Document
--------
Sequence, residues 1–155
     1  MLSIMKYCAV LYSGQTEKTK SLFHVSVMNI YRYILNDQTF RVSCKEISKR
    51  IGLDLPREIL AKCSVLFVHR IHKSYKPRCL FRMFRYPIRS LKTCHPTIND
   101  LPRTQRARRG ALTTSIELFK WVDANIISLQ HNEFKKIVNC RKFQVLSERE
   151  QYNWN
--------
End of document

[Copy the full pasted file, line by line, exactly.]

Sequence, residues 1–155
     1  MLSIMKYCAV LYSGQTEKTK SLFHVSVMNI YRYILNDQTF RVSCKEISKR
    51  IGLDLPREIL AKCSVLFVHR IHKSYKPRCL FRMFRYPIRS LKTCHPTIND
   101  LPRTQRARRG ALTTSIELFK WVDANIISLQ HNEFKKIVNC RKFQVLSERE
   151  QYNWN